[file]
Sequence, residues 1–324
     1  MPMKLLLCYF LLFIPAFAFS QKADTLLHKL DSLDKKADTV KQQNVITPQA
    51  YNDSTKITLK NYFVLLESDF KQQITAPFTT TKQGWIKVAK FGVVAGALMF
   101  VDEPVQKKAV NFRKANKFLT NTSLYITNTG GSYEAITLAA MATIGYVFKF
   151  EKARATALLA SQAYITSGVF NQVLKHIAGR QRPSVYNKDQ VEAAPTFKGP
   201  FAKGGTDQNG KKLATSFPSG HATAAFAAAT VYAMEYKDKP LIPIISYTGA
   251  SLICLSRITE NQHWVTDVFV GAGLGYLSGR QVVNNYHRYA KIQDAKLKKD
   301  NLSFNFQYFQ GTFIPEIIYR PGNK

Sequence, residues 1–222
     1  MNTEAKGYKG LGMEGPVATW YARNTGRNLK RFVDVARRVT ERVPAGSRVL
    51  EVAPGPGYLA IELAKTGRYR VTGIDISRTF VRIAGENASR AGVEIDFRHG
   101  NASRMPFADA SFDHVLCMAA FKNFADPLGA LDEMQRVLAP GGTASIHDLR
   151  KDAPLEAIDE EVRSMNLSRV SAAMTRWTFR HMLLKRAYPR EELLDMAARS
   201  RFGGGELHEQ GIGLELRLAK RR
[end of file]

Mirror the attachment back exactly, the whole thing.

Sequence, residues 1–324
     1  MPMKLLLCYF LLFIPAFAFS QKADTLLHKL DSLDKKADTV KQQNVITPQA
    51  YNDSTKITLK NYFVLLESDF KQQITAPFTT TKQGWIKVAK FGVVAGALMF
   101  VDEPVQKKAV NFRKANKFLT NTSLYITNTG GSYEAITLAA MATIGYVFKF
   151  EKARATALLA SQAYITSGVF NQVLKHIAGR QRPSVYNKDQ VEAAPTFKGP
   201  FAKGGTDQNG KKLATSFPSG HATAAFAAAT VYAMEYKDKP LIPIISYTGA
   251  SLICLSRITE NQHWVTDVFV GAGLGYLSGR QVVNNYHRYA KIQDAKLKKD
   301  NLSFNFQYFQ GTFIPEIIYR PGNK

Sequence, residues 1–222
     1  MNTEAKGYKG LGMEGPVATW YARNTGRNLK RFVDVARRVT ERVPAGSRVL
    51  EVAPGPGYLA IELAKTGRYR VTGIDISRTF VRIAGENASR AGVEIDFRHG
   101  NASRMPFADA SFDHVLCMAA FKNFADPLGA LDEMQRVLAP GGTASIHDLR
   151  KDAPLEAIDE EVRSMNLSRV SAAMTRWTFR HMLLKRAYPR EELLDMAARS
   201  RFGGGELHEQ GIGLELRLAK RR